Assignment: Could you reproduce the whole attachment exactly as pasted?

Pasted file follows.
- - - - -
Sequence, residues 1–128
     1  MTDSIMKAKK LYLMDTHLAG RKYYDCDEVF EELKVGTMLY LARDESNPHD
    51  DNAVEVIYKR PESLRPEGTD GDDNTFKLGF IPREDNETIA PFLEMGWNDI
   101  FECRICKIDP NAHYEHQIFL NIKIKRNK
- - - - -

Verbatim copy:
Sequence, residues 1–128
     1  MTDSIMKAKK LYLMDTHLAG RKYYDCDEVF EELKVGTMLY LARDESNPHD
    51  DNAVEVIYKR PESLRPEGTD GDDNTFKLGF IPREDNETIA PFLEMGWNDI
   101  FECRICKIDP NAHYEHQIFL NIKIKRNK